Now, consider the price of unleaded gasoline at the pump compared with the international price of crude oil (See: A chart comparing U.S. gasoline prices and international crude oil prices here.)

Which do you think does a better job of explaining the changes in the price of gasoline at the pump? Your common-sense reading of the charts is correct. The price of gasoline at the pump is not statistically correlated with the share of U.S. consumption of imported oil, but it is highly correlated with the international price of imported crude.

This seemingly counterintuitive result is consistent with how the world’s oil markets actually operate. Ask yourself this question: When BP or any other big oil company finds oil in the Gulf of Mexico, does it sell it to us at a discount because we were kind enough to let them drill in America?

No, it doesn’t. It sells it all over the world at the price set in the international oil market. As an international commodity, oil is priced on an international basis — according to global supply and demand. Global demand is the reason the price is going up now. The world’s economies are recovering from the slump of the past few years and the developing economies, like China, are increasing their demand.

Meanwhile, offshore drilling is simply too risky for our beaches and fisheries. Want proof? Oil company shareholders insist on having a law limiting their liability in the event of a disaster.

I don’t think these risks are worth it. You might disagree. But if you do, remember: Anyone who tells you we should do offshore oil drilling to lower our price at the pump doesn’t care about the facts.


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Shell Sues Oceana, Others Over Arctic Drilling

You’ve probably heard that Shell is planning to drill in Arctic waters. But now the plot thickens: In a bizarre move, Shell has decided to preemptively sue a group of environmental groups, including Oceana, to attempt to silence our voices and remove our right to challenge their spill response plan.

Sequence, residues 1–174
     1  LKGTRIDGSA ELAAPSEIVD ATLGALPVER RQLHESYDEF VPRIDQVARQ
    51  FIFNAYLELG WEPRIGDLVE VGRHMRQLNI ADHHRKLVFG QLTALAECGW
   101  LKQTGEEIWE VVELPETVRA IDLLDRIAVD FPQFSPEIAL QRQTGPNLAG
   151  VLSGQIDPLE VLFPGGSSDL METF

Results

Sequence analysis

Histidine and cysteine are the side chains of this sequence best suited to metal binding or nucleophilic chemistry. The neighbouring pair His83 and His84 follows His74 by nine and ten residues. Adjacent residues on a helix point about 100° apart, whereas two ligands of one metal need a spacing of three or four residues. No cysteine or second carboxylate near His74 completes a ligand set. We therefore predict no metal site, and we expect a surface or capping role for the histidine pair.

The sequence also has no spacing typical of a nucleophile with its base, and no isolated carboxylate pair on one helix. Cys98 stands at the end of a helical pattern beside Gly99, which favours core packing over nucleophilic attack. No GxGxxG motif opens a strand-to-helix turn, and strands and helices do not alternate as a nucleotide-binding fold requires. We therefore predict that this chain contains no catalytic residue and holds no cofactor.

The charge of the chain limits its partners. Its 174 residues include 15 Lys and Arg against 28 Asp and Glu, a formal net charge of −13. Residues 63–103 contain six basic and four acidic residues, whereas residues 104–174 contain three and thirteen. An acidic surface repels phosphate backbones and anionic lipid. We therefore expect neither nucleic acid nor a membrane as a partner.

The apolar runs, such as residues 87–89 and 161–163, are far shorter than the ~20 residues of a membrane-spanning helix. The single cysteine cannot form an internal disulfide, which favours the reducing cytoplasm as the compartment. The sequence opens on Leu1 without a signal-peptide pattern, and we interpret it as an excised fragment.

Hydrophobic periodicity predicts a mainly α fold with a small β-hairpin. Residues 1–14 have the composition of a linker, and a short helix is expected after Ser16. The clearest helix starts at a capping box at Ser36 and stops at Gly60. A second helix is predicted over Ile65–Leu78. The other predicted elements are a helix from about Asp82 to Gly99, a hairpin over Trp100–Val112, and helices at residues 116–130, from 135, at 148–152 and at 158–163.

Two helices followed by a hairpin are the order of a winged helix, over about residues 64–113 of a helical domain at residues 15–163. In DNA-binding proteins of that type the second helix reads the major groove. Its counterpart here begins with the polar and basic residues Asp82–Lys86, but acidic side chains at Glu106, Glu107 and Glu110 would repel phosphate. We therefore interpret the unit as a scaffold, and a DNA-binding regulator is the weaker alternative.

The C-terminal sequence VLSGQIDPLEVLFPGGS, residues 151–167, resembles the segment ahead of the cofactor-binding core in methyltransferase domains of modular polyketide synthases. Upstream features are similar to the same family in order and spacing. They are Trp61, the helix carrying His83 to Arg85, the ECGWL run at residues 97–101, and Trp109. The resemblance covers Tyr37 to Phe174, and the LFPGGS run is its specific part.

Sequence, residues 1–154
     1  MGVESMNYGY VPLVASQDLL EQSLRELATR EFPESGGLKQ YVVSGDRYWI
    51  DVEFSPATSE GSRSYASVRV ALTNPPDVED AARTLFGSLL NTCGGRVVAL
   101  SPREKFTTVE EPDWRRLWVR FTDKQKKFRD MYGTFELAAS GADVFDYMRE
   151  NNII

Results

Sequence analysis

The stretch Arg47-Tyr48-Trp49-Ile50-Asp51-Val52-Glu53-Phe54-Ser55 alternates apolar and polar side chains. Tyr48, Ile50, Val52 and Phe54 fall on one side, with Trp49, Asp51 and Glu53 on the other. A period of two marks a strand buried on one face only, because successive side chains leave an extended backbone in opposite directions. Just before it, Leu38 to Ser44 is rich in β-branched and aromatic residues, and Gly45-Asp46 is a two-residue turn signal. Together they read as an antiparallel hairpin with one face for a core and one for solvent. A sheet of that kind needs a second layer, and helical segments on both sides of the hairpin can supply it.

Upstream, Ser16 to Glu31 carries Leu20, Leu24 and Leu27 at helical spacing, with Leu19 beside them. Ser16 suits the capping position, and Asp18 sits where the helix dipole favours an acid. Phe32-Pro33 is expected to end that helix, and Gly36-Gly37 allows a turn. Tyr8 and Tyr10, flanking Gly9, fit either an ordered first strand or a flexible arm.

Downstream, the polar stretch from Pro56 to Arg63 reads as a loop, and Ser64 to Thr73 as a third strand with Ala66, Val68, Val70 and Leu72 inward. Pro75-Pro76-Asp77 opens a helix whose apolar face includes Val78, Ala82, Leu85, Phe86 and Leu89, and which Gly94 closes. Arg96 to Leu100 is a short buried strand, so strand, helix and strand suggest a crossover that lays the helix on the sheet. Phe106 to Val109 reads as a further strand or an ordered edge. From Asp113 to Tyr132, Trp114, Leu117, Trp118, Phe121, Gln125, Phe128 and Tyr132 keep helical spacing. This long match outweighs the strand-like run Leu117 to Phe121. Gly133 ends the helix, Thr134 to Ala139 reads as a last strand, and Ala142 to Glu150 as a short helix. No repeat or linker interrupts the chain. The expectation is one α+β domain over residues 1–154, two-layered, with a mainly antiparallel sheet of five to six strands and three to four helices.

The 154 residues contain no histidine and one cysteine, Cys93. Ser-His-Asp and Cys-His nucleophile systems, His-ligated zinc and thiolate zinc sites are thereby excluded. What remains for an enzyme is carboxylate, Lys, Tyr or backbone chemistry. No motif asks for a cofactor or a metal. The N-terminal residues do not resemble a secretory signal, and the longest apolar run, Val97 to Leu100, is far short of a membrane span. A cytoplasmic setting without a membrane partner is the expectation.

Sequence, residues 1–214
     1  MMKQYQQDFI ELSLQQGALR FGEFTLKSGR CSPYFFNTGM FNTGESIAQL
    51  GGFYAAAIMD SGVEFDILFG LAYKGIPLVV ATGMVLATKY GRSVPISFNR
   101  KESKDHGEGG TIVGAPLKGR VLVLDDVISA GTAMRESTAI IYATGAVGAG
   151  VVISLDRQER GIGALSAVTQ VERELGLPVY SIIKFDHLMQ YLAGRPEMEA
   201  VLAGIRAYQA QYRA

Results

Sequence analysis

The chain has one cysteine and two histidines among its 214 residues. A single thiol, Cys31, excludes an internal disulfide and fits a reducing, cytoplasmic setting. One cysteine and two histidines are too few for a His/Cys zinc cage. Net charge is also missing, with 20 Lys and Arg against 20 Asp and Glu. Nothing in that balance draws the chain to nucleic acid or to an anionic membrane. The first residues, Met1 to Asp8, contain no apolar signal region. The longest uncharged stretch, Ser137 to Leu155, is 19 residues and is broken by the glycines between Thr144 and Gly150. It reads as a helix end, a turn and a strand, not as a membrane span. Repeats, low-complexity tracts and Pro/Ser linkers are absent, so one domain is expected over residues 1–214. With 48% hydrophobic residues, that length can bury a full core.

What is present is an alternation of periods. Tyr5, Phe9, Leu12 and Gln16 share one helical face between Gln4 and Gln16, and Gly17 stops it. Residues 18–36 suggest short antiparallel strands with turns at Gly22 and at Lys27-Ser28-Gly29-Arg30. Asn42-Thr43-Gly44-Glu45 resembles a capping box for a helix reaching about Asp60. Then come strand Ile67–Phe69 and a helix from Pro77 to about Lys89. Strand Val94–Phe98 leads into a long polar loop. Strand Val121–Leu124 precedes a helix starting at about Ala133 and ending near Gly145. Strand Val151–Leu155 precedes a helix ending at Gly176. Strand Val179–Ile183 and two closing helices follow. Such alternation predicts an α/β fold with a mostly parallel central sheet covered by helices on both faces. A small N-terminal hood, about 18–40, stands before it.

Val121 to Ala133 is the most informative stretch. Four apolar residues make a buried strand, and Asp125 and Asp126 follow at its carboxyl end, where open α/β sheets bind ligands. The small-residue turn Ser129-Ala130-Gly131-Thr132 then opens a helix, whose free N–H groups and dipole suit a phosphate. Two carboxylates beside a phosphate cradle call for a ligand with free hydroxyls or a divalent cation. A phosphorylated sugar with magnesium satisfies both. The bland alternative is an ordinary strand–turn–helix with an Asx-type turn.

Naturally environmentalists have been fighting against Shell’s plan — the Arctic is a fragile environment, and an oil spill there would be a tragedy for Arctic communities, seals, polar bears, and more. Even the US Coast Guard has said they don’t have the resources to deal with an Arctic spill.

Oceana has been campaigning to prevent unsafe drilling in the Arctic, along with many other environmental groups. Greenpeace made the news recently for protesting aboard an Arctic bound oil-drilling ship with actress Lucy Lawless.

The truth is, there is no known technology to clean up spilled oil in icy Arctic ocean conditions. Shell does not have some magic solution. Clean-up crews at the recent Gulf of Mexico spill were only able to recover about 10% of the spilled oil, and that was in a warm environment with relatively calm seas.

In the icy Arctic 1,000 miles from the nearest Coast Guard station, clean-up efforts would be extremely difficult if not impossible. By saying otherwise, Shell is misleading the public and the government.

We’ll keep you posted as this curious lawsuit unfolds...


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CEO Note: 30,000 Strong Against Drilling in Belize

Andy Sharpless is the CEO of Oceana.

I have a dramatic update for you on our campaign to stop offshore drilling in Belize.